Five ideal stretching and mobility exercises
1. The 90/90 EXERCISE is a great way to improve mobility and stretch the hip rotators. It is performed by placing the leg bent at the knee, approximately at an angle of 90 degrees, in front of us in a sitting position, i.e. by lowering it to the ground. The back leg is also bent at the knee at approximately the same angle. The upper part of the body must be vertical, for the exercise to be effective and safe to perform. We press the ground with the knee of the front leg and slightly pull the hip back, to feel a better stretch. It is recommended to repeat 5 deep inhalations and exhalations in this position, to begin with. This exercise has many progressions that challenge both external and internal hip rotation.
2. For a HALF-KNEELING HIP FLEXOR STRETCH, you will need an elevation (bed, chair, or bench). You have to assume a semi-kneeling position by placing the back leg, the corresponding foot, and the front leg in front at a 90-degree angle on the bench. During this stretch, it is very important to maintain an upright vertical posture as possible. Breathe in through your nose, and breathe out through your mouth. When you expel the air, you activate the gluteus of the back leg and thus additionally increase its stretching. There are many variations in this stretch as well. For those who feel that this stretch is too aggressive, just assume the above-mentioned position and while maintaining your balance, breathe using the diaphragm, without moving the rib cage.
3. Named after the famous physiotherapist and trainer BRETTZEL, this exercise is an excellent choice both for stretching the hip flexors and for the mobility of the thoracic spine. The exercise is performed by lying on the side. We need two elevations – one for the head and the other for the knee of the leg that is not on the ground and should be above the hip level. The leg closer to the ground is bent at the knee and we hold it with our hand so that we feel a stretch in the front of the hip, while the hand that is on the ground holds the knee. Thus, we prevent the rotation of the lumbar part, which is not what we want. When we have taken the appropriate position, we breathe in through the nose and lower the shoulder that is not on the ground and the leg that we are holding to the opposite side.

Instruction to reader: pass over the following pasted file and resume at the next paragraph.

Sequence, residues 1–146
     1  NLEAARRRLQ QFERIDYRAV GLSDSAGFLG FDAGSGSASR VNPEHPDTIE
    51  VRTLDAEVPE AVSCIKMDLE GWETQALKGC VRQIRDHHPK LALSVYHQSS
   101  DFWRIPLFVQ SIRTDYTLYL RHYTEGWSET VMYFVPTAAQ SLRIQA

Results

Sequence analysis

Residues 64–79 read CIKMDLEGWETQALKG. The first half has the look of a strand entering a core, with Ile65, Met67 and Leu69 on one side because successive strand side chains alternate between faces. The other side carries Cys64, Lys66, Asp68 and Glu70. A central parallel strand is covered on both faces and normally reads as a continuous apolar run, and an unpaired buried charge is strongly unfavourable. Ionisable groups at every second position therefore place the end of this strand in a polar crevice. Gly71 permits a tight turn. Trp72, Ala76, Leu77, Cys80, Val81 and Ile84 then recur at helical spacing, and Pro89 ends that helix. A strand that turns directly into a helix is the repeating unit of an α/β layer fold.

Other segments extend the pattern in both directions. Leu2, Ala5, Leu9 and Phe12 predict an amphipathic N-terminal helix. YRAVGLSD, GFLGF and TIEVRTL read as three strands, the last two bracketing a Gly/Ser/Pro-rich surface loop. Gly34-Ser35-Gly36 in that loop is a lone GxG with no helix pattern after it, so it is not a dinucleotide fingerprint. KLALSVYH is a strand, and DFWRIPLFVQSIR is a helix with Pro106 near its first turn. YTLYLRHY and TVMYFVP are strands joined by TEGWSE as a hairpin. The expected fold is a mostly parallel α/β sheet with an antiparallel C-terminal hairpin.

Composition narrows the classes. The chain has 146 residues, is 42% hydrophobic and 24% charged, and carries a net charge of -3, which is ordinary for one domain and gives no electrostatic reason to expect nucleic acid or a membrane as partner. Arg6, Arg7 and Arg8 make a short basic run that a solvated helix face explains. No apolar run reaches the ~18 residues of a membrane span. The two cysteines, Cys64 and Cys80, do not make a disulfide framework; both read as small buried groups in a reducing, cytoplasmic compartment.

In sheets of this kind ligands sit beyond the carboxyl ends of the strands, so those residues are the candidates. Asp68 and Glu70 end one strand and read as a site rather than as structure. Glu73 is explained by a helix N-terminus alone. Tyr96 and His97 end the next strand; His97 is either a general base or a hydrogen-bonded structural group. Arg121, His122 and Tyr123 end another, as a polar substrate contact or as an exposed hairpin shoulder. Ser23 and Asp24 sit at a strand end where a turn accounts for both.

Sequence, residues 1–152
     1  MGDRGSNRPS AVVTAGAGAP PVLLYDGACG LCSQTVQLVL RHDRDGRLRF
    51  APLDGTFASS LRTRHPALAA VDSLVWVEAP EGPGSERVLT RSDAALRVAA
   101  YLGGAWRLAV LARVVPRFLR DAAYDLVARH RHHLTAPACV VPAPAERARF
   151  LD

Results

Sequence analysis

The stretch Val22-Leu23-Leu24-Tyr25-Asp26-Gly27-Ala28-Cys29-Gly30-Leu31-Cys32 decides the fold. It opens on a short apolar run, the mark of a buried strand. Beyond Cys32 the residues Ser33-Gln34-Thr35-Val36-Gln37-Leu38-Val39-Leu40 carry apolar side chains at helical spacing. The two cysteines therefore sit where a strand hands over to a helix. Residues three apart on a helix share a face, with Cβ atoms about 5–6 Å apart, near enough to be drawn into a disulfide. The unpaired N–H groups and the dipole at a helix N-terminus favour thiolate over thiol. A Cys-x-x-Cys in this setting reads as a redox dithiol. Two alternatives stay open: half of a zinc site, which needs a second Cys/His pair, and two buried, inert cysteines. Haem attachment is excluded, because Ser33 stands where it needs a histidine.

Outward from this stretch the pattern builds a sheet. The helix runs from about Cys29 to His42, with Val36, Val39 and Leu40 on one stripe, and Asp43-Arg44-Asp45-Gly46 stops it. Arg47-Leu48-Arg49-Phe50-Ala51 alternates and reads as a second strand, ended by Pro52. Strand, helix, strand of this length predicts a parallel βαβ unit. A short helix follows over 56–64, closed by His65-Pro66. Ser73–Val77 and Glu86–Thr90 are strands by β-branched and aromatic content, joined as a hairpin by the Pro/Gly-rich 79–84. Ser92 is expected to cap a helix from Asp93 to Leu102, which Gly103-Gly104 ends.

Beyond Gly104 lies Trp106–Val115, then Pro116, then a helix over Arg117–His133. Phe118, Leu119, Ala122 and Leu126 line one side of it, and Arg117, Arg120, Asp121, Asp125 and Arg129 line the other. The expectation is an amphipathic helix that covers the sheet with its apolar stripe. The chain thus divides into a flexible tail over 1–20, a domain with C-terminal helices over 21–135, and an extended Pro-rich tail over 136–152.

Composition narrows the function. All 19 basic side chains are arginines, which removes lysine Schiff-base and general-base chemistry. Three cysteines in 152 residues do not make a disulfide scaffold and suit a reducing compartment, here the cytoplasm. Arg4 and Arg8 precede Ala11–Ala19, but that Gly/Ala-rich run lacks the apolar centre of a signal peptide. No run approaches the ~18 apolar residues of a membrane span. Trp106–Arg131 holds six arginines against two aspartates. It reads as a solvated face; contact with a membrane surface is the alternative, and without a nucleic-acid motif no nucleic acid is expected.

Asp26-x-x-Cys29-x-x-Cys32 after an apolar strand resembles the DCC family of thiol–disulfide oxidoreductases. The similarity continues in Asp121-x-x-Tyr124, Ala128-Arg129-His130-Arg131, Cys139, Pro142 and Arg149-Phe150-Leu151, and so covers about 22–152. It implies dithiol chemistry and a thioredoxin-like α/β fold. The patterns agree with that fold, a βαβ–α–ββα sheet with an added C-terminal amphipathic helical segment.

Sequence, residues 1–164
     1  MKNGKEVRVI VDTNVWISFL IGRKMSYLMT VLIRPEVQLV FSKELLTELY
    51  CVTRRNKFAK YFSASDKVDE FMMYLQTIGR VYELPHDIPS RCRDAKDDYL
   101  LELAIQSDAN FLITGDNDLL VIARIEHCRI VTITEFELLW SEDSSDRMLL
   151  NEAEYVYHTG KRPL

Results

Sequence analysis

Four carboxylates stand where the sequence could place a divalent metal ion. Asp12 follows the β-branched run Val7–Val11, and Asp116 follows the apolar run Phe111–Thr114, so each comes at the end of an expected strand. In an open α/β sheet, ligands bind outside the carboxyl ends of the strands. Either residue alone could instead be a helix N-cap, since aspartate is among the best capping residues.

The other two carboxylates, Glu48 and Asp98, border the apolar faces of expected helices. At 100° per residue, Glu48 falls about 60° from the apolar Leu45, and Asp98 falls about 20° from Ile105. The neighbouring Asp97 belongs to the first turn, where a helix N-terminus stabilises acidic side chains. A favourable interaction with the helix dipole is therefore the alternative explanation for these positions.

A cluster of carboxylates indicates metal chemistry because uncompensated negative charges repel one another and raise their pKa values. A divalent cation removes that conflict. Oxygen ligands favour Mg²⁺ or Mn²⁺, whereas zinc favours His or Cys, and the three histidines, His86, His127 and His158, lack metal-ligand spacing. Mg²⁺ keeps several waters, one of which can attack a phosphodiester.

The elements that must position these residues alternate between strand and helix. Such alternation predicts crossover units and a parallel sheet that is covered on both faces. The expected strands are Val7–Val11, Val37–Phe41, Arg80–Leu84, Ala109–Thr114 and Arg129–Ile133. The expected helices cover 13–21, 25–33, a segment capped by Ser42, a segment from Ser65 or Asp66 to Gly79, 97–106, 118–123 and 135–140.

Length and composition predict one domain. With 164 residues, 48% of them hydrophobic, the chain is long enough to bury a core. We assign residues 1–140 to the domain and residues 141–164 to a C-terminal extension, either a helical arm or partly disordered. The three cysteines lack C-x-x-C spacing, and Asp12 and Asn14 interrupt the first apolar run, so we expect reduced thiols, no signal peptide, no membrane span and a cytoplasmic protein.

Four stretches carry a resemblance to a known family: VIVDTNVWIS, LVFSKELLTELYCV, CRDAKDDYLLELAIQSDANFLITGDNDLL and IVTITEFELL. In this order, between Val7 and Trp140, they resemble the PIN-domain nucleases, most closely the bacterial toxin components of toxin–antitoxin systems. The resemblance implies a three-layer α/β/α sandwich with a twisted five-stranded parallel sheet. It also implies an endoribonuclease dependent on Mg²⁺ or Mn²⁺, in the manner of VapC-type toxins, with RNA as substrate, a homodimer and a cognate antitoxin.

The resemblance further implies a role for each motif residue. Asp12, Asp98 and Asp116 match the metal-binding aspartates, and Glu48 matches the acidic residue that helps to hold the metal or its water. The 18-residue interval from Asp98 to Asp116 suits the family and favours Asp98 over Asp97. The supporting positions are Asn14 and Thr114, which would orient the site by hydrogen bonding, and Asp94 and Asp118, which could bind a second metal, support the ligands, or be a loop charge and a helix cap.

4. LEG LOWERS WITH ASSISTANCE is performed by putting one leg right next to the other, with the feet in a neutral position. To do this exercise, we need a longer exercise rubber band or a towel. We stretch one leg with a rubber band around the foot, raise it so that it is parallel to the hip or even above the height of the hip and do not bend it at the knee. The other leg that is not supported by the rubber band is positioned next to it. Then, in a controlled manner, we lower the leg that is not supported by the rubber band to the ground, while the other leg must stay still. An easier variant of this exercise would be that the starting position is on the ground or a roller and that the leg supported by the rubber band and fully straightened is pulled into a position parallel to the hip or even over it. A more difficult option would be to not use a rubber band at all.
5. FOUR SUPPORTS is an exercise in which we are in an “on all fours” position, i.e. in the position when we are resting on the ground using our hands and knees, we raise one hand, hug the neck with it, and then lower it to the elbow of the opposite hand. We inhale through the nose, then open the chest to the side that is not resting on our hand and exhale all the time. It is important that during this exercise, the thoracic spine is the only mobile segment. Also, we must keep the lumbar part of the spine still.
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